New Creature Found Living in Dead Whale
A new species of sea anemone has been found in the carcass of a whale that sunk to the ocean floor off the coast of Monterey, California, marking the first discovery of one of these filter-feeding marine animals living in a so-called whale fall.
Whale falls, the resting place of a dead whale, provide temporary but important nutrition boosts and habitats for deep-sea life. The flesh of the dead whale decomposes within weeks, but the bones can last anywhere from 60 to 100 years as bacteria break down the bones, releasing sulfur that aquatic creatures use to make energy.
The anemone, called Anthosactis pearseae, is small, white and roughly cube-shaped. It's about the size of a human molar and even looks like a tooth with small tentacles on one side.
The anemone was named after Vicki Pearse, the University of California, Santa Cruz, naturalist who found and collected the anemone during a Pacific cruise taken by the Monterey Bay Aquarium Research Institute's research vessel, Western Flyer. Ten anemone specimens, including the newly named one, that she gathered were sent for identification and closer study to biologist Meg Daly, an anemone specialist at Ohio State University.
"These creatures were so cool simply because we knew that no sea anemone had ever been found on a whale fall," Daly said in a prepared statement.
The new anemone species is distinctive for the uniform length of its tentacles, a characteristic shared by the seven species of sea anemones in the genus Anthosactis.
The anemone was collected, like all deep-sea animals, via a tedious process that involves underwater video cameras attached to remotely operated vehicles (ROVs). ROVs have robotic arms and suction devices that are used to collect ocean species.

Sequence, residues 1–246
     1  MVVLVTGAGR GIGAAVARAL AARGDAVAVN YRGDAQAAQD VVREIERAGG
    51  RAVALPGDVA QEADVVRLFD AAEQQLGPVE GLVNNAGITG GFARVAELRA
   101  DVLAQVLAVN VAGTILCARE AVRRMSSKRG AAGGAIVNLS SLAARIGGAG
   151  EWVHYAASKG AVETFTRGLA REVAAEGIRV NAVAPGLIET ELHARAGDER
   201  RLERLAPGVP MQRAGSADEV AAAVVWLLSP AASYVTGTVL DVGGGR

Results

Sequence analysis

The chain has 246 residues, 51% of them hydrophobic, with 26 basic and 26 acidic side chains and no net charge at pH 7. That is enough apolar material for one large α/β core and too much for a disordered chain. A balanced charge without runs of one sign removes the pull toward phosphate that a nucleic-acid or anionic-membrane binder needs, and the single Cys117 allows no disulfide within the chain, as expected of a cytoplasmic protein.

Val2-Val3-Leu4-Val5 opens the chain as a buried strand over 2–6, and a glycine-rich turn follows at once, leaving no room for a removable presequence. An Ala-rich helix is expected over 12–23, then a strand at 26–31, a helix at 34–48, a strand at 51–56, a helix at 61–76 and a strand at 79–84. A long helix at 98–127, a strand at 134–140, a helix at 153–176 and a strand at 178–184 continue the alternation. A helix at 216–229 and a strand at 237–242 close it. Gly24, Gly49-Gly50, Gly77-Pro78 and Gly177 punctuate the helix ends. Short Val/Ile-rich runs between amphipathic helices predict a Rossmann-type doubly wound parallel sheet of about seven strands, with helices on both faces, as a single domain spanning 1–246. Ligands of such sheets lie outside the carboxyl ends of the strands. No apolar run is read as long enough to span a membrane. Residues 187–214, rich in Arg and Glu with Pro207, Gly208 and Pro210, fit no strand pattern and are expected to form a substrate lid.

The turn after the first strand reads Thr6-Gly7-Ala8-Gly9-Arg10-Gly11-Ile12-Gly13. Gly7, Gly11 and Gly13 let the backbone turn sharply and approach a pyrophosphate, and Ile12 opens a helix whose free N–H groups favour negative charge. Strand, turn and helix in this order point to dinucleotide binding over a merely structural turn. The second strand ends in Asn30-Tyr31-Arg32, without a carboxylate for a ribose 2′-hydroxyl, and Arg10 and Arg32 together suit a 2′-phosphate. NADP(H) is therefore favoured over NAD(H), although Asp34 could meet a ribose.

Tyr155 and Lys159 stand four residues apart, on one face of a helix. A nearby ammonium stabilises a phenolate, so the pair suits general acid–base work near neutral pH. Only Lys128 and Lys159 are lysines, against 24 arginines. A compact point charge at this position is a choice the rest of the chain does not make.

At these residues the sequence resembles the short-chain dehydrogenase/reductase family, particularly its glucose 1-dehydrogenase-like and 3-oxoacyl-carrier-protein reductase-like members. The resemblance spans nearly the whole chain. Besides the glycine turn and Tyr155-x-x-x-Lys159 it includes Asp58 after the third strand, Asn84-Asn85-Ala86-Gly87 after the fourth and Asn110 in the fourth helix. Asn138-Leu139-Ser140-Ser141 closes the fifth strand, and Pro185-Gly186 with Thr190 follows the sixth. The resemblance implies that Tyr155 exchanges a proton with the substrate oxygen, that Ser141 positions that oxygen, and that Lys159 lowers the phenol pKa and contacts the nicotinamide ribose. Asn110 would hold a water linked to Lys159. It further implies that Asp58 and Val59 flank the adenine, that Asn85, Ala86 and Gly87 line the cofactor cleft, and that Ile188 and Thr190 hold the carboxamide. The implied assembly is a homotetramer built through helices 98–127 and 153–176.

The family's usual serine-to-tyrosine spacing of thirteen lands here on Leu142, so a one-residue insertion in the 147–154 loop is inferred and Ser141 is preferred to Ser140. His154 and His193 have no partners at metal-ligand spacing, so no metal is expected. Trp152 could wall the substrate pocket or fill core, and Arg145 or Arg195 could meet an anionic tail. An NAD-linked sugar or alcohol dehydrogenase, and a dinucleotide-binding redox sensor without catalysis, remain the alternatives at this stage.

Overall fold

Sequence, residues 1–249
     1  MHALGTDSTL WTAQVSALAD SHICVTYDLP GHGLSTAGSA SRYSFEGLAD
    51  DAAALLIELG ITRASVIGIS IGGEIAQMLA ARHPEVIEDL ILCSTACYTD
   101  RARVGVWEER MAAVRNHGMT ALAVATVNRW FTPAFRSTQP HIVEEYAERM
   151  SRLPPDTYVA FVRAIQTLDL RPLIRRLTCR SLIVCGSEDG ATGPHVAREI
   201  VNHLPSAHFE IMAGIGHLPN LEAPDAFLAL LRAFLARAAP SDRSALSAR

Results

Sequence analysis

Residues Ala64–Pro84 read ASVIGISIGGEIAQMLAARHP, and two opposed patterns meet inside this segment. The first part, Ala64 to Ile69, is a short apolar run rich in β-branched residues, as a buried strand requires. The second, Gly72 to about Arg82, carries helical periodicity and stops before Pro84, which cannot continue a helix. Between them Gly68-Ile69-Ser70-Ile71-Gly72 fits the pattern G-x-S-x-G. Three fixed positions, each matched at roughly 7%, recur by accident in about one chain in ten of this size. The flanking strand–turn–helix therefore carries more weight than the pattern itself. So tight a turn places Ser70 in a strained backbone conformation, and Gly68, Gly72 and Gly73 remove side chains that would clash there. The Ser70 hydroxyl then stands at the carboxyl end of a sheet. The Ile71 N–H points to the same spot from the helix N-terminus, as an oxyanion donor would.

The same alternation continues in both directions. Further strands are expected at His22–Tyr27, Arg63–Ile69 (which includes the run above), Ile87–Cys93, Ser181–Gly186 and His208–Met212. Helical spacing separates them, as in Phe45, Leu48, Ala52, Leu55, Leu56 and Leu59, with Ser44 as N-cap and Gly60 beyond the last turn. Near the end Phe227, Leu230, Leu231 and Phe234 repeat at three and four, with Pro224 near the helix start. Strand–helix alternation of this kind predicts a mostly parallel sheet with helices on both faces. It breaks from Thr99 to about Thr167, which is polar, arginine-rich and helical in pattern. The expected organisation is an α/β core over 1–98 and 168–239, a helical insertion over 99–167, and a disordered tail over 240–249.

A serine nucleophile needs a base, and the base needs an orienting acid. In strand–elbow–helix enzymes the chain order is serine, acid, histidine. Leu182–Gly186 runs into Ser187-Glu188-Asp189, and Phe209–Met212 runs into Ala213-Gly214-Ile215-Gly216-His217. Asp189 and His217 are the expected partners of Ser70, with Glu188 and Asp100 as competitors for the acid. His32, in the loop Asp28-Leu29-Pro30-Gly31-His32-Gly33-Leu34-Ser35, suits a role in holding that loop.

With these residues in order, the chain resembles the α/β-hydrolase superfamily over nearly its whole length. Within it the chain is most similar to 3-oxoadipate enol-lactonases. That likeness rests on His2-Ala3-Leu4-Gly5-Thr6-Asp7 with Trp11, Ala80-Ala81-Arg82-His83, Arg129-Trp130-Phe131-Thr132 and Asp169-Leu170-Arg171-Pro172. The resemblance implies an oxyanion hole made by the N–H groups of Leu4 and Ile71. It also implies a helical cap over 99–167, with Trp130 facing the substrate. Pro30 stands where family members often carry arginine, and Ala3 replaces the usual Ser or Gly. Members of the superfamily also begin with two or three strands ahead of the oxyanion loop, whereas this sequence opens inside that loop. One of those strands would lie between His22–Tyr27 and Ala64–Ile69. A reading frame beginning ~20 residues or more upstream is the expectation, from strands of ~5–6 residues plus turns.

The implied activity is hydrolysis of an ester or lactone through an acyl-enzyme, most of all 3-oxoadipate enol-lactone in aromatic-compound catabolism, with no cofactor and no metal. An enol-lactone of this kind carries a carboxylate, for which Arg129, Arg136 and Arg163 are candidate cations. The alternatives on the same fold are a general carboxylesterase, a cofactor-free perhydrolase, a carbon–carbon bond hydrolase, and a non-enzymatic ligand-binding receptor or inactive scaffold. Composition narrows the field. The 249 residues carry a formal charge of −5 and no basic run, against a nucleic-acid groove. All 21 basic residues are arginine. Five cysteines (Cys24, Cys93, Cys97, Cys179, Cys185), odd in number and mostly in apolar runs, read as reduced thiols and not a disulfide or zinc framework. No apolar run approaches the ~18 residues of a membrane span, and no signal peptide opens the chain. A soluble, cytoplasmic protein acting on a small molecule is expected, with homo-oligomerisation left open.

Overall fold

Whale falls might seem like strange places for marine life to dine and dwell, but once carcasses fall, they are excellent food and real estate for sea creatures. "A whale dies where it dies, and its carcass lands wherever," Daly said. "But these are actually some of the most stable deep sea communities."
- Image Gallery: Freaky Fish
- How to Reduce Accidental Whale Deaths
- Image Gallery: Under the Pacific
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Robin Lloyd was a senior editor at Space.com and Live Science from 2007 to 2009. She holds a B.A. degree in sociology from Smith College and a Ph.D. and M.A. degree in sociology from the University of California at Santa Barbara. She is currently a freelance science writer based in New York City and a contributing editor at Scientific American, as well as an adjunct professor at New York University's Science, Health and Environmental Reporting Program.
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